September 5, 2021
Hiking season is winding down. One might think I would be cramming them in before the snows come. But these last weeks come every year and I’m done before the end. By my count, I’ve done fifteen hikes this season; almost one a week since the first one in mid-April. Plus four camping trips! I feel complete. Almost.
A North Carolina friend is coming for a visit, and she hikes! And I do love to show off my corner of paradise to friends who have never been here. And I do love autumn. I’ll get more September hikes in than usual, including my annual autumn Skyline hike to visit the spot at Paradise where I scattered some of my mother’s ashes, so I’ve been lying low on all these beautiful days. (Have I mentioned it hasn’t rained here since June? Seriously.) But . . . not having been out since my last camping trip, and knowing I would be glad once I was at the trailhead, or even out the door), I headed out for Mt. St. Helens this morning. Not only a weekend, when I never hike, but a holiday one to boot.
Norway Pass was on my repeat list this year. I didn’t figure it would be too populated, and I would be early anyway. Last time I was there—in 2013, just a year after I returned to the PNW—the sky, once I got out of the fog, was blue, But for the cloud bank in front of the mountain. Will the sainted Helens be elusive again?
The forecast at home is for overcast skies, but the closest weather station to Windy Ridge, the lesser visited entry point, is for sunny skies. I decide to chance it. But damn, it’s Sunday and the espresso kiosk doesn’t open until seven; sad. I set the coffee maker to start my brew at 4:30. I even foam some warmed milk. It will have to do. I’m out the door at 4:45.
I drive down US 12 toward Randle in the dark, with misty rain. I keep my hopes up, it WILL clear. I stop at a favorite viewpoint just before I get to Randle to wait for the sunrise. I’m not sure I will find another spot out of the trees in time. I decide to give it fifteen minutes. And stay forty-five. Waiting, waiting.
Turns out, had I left home ten or fifteen minutes earlier, I could have hit the sunrise spot mother lode, the rise in the east just left of the mountain. But I was right, given when I did leave, I would not have arrived in time. Now I know: two hours. But the sky is clearing! Shazaam!
I’ll let the photos (of which I take way too many: 180) tell the story.
The color phases of autumn, Sitka mountain ash.
My family spent many happy hours at this lake, camping and canoeing. It is closed to recreation due to the danger of those floating logs and to keep from interrupting its healing. Five miles from the crater, the eruption nearly blasted the lake to extinction. It is an example of extraordinary ecological recovery. I asked Google not too long ago when it might be open to recreation again and found no guesses. It’s been forty-one years. It will take as long as it takes.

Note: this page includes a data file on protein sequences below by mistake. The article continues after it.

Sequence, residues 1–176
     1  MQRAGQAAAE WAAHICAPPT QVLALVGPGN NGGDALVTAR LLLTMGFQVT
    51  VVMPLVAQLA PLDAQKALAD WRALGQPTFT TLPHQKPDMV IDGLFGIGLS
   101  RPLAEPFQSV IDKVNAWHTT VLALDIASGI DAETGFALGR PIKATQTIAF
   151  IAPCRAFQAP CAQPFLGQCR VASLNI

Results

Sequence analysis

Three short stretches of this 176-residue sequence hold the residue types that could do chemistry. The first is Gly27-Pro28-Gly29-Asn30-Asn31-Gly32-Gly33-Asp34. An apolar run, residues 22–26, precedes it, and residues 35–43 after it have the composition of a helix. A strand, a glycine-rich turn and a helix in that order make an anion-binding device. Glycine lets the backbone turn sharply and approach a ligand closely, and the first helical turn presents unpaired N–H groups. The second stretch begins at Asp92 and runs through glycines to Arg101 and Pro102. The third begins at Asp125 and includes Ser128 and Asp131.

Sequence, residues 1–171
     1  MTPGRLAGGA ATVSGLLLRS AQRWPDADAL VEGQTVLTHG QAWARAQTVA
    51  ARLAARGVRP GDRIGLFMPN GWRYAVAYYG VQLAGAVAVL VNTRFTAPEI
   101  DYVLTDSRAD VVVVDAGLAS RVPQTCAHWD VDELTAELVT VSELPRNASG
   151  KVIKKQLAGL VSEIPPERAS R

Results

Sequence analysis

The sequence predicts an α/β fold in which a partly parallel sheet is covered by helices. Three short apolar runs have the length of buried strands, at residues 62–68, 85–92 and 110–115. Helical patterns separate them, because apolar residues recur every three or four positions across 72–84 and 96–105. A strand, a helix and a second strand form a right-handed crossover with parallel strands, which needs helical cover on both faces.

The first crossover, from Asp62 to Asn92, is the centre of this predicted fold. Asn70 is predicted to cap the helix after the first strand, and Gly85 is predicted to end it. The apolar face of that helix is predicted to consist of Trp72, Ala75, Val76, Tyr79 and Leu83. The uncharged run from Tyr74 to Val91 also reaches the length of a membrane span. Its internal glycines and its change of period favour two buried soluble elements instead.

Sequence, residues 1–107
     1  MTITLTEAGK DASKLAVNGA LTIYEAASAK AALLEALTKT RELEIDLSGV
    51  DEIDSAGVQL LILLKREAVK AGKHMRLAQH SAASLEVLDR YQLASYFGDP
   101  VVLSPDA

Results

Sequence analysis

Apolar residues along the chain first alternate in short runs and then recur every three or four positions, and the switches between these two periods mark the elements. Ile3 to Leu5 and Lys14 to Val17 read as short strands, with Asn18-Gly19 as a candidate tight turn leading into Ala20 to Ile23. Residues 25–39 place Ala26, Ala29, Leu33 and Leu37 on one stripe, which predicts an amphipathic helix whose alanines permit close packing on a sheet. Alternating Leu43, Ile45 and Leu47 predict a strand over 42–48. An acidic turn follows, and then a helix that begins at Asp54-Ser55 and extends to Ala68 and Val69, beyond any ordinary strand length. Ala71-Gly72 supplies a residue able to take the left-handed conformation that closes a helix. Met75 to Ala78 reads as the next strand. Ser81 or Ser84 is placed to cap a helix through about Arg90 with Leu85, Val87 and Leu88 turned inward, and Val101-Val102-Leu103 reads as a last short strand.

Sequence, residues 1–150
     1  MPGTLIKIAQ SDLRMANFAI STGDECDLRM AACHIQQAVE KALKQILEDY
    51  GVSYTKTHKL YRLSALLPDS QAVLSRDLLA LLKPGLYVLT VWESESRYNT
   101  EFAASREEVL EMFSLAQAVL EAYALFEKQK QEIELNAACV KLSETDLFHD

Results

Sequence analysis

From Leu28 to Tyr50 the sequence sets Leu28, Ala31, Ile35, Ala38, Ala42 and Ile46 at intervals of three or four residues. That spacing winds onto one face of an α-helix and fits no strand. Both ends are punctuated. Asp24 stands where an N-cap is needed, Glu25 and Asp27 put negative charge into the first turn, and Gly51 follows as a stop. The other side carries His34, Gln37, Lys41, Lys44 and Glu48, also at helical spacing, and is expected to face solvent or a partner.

I find a log to sit on and wait to see if the top cloud will clear. It does.
It’s such a curious place. To have known it before the eruption changed its face for ever. To have seen it completely devoid of vegetation, like I imagine the destruction of an atomic bomb. To watch its evolution, its return. She will never be what she used to be. She was lovely, then she was nearly gone. The trees, the flowers, they are slowly returning. She will be beautiful again, but she will be different.
She was never the beauty that Mt. Rainier is—a volcano herself, of course, that once had a conical top—save for the fact of this lake that comes to her flanks. And unlike Rainier, you could walk right onto the pumice-covered flanks of this mountain without special training and equipment, which we did in my childhood.
This place makes me weep. It’s a testament to the power of nature, both as a force of destruction and of recovery. Humans were not responsible for this cataclysm. But we are responsible for climate change that will change the planet. It won’t happen in a single day, but it is just as destructive, and it’s global. Will our ancestors be around to see its recovery? That’s why Mt. St. Helens makes me weep, she’s a warning.
You can revisit my first trip to Norway Pass here. You may wonder what my “big idea” was. I have no clue.
Also, you can watch the old visitor center movie about the eruption here. It’s powerful. (It’s since been redone, split into multiple, award-winning movies and includes the recovery.)
Finally, I want to invite you to visit my friend Bonnie Rae Nygren’s blog post. Her beloved cat, Gus, crossed the bridge on Saturday, and I don’t think I have ever read such beautiful writing. I never met Gus, but I am totally in love with him from the photos she has posted on Facebook in the years I have known her. I will miss him so much, I can’t begin to imagine her loss.
On this day after, Bonnie went to her favorite place, Sunrise. And this lenticular cloud over Rainier greeted her.
Read her “last days” post here. Have a tissue close at hand.